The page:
3 REIT Preferred Stocks For Yield-Hungry Investors

Includes: HCN, NNN, SLG
by: StreetAuthority

By Lisa Springer

Real estate investment trusts (REITs) can add diversification, stability and generous yields to any portfolio. This is particularly true this year, with the REIT sector returning nearly 18%, as a result of the improving real estate market. The fact that REITs have no risk of dividend tax hikes related to the "fiscal cliff" makes them even more appealing investments. This is because REITs never qualified for the Bush-era dividend tax cuts. Instead, REITs benefit from no corporate income tax, which results in higher dividend payments for investors. This also reduces the cost basis of the initial investment, since the dividends aren't taxed until shares are sold.

A downside to the strong performance in the REIT sector this year has been gradually-declining yields. At present, retail REITs yield only about 3.5%, while office REIT yields are just slightly better at roughly 4%. These are better than the 2% yield of the S&P 500 Index, but not that exciting for yield-hungry investors.

But I know a way to own REITs without sacrificing high yields: Preferred REIT shares. This year is shaping up to be a record year for preferred REIT stocks. U.S. REITs have raised about $7.02 billion through preferred equity sales so far in 2012, according to SNL Financial. Yields on recent preferred issues range as high as 7%, which is nearly twice the average yield for REIT common shares. The best part about these preferred stocks is that yields are fixed, so they don't fluctuate according to the REIT's earnings.

If you're looking for steady high yields, then here are three high-yielding REIT preferred stocks you should consider:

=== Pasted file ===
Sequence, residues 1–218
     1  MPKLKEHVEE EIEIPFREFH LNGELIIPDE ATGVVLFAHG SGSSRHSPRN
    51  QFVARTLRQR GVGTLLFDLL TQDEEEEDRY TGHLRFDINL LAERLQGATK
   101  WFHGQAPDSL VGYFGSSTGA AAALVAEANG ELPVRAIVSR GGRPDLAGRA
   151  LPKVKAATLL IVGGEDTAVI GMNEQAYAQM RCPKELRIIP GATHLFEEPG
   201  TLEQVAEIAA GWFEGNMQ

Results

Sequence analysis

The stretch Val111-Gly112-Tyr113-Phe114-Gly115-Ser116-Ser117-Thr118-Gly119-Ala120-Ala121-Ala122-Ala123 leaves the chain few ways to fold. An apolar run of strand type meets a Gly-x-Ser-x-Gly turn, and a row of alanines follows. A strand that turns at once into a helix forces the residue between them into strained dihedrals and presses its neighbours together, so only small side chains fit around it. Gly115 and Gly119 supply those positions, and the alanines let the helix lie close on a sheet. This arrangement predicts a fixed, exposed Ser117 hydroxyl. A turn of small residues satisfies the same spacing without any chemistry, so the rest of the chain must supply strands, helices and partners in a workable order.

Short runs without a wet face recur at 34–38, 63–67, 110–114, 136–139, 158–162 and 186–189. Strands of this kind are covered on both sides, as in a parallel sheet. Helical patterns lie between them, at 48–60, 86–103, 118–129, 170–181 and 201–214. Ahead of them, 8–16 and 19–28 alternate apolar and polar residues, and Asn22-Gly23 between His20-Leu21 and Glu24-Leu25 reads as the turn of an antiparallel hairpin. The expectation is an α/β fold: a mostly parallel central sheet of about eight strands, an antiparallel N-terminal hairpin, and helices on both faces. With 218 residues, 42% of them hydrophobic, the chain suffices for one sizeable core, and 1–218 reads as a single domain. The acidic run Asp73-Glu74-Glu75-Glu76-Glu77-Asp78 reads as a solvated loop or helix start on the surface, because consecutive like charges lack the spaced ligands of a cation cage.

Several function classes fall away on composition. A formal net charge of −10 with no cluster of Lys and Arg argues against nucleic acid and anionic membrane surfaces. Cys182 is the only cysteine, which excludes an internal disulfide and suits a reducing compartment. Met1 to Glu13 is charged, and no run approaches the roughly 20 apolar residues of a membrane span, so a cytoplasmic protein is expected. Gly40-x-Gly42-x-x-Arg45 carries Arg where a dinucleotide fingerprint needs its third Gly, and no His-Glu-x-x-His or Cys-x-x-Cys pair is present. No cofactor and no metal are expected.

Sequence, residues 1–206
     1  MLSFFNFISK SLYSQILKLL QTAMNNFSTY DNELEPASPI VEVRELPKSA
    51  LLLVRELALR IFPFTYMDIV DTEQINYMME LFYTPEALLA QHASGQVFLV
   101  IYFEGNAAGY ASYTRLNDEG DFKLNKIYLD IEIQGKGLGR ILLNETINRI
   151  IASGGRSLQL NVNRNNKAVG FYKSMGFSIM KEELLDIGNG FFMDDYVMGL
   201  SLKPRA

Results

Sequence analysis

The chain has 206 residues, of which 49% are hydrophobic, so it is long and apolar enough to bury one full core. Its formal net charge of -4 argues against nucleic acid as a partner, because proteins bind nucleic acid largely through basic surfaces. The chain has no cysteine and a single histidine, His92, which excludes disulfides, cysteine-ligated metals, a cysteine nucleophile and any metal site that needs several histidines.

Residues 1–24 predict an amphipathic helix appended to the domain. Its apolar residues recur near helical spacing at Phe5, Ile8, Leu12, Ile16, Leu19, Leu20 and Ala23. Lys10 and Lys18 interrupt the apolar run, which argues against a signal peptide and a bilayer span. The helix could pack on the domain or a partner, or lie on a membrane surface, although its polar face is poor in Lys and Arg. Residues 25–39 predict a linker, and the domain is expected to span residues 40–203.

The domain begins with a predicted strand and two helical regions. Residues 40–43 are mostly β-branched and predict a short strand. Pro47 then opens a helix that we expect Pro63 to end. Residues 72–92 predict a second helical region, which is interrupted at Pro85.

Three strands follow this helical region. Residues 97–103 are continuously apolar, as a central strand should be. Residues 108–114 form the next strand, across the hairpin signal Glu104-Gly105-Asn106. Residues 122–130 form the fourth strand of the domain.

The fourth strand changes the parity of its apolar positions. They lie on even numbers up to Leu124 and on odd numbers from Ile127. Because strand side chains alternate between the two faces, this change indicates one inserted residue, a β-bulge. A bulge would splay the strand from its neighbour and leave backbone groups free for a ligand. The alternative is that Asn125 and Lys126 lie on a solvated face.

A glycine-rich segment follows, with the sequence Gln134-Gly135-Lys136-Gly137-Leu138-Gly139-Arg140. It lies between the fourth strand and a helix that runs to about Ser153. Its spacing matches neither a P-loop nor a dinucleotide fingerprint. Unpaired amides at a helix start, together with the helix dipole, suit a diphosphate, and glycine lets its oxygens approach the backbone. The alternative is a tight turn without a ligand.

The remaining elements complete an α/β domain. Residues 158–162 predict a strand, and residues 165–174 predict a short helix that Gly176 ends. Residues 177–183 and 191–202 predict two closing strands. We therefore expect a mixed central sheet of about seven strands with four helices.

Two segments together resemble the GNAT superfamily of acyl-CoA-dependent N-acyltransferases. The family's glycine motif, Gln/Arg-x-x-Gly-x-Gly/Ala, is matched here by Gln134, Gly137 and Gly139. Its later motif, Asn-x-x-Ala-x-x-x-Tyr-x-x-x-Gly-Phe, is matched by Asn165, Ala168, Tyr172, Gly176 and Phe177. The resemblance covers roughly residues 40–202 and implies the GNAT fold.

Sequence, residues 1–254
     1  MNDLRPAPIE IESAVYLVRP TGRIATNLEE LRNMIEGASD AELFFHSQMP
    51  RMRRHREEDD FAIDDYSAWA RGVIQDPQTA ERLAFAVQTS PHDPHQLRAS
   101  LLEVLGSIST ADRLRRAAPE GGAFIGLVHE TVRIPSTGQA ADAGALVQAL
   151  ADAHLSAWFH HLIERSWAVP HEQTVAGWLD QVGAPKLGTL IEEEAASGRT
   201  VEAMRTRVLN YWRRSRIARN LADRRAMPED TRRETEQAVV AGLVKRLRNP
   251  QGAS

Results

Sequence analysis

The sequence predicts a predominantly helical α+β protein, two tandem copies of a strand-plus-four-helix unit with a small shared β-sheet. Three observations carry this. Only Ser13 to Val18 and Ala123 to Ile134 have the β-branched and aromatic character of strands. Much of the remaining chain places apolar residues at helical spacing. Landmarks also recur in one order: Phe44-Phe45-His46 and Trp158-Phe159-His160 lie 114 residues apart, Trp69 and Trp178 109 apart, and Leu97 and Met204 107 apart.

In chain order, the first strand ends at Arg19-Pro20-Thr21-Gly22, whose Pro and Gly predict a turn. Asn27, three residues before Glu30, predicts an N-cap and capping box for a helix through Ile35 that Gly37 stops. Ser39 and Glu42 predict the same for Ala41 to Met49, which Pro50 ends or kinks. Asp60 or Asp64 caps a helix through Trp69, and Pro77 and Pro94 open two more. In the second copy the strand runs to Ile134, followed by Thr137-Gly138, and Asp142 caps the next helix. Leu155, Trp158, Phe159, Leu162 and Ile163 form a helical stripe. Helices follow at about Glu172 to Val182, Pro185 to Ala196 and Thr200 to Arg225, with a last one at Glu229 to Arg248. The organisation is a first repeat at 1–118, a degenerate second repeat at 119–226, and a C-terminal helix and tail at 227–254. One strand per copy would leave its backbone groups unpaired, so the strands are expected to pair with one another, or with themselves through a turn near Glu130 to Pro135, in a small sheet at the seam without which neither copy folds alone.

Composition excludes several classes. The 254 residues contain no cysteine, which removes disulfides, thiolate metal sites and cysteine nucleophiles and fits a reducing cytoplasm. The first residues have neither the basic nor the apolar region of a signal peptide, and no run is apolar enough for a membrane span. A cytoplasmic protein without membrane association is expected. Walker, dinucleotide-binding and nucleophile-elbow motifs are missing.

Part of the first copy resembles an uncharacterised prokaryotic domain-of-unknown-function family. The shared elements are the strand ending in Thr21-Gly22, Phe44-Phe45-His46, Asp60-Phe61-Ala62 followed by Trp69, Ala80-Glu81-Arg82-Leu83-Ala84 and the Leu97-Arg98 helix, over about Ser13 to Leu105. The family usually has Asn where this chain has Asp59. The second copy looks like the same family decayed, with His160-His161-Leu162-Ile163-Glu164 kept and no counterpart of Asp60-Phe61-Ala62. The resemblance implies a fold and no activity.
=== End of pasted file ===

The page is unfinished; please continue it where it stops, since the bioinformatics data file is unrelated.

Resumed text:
1. SL Green Realty Corp. (NYSE: SLG)
Coupon Rate on Series I Preferred: 6.5%

SL Green is New York City's largest office property owner and is the only REIT that focuses on Manhattan's business district properties. The REIT owns interests in 77 Manhattan buildings, totaling more than 39.3 million square feet of leasable space. SL Green also owns stakes in New York suburban areas totaling 5.4 million square feet, and California properties representing 4.5 million square feet.

The company's funds from operations (FFO), a key REIT cash flow metric, improved 9.2% to $4.14 per share in the first nine months of 2012 and SF Green signaled its confidence in future growth by increasing its dividend 32% to a new annualized rate of $1.32 a share. So far this year, the REIT has signed 240 leases covering nearly 3.9 million square feet, or roughly 8% of its portfolio.

SL Green Series I preferred stock has a 6.5% coupon and a "B+" rating. This is a huge spread given that common shares yield just 1.7%.

2. National Retail Properties (NYSE: NNN)
Coupon Rate on Series D Preferred: 6.6%

This is the country's second-largest single-tenant properties REIT and one of only four REITs that have produced dividend growth for 23 or more consecutive years. National Retail owns free-standing, net-leased properties characterized by long-term leases and low risk. Tenants are responsible for covering maintenance, utilities, taxes and other expenses. The REIT rents to about 300 different tenants. Their average lease term is 12 years. National Retail Properties Series D preferred stock was priced to yield 6.6%, well above the common shares yield of 5%.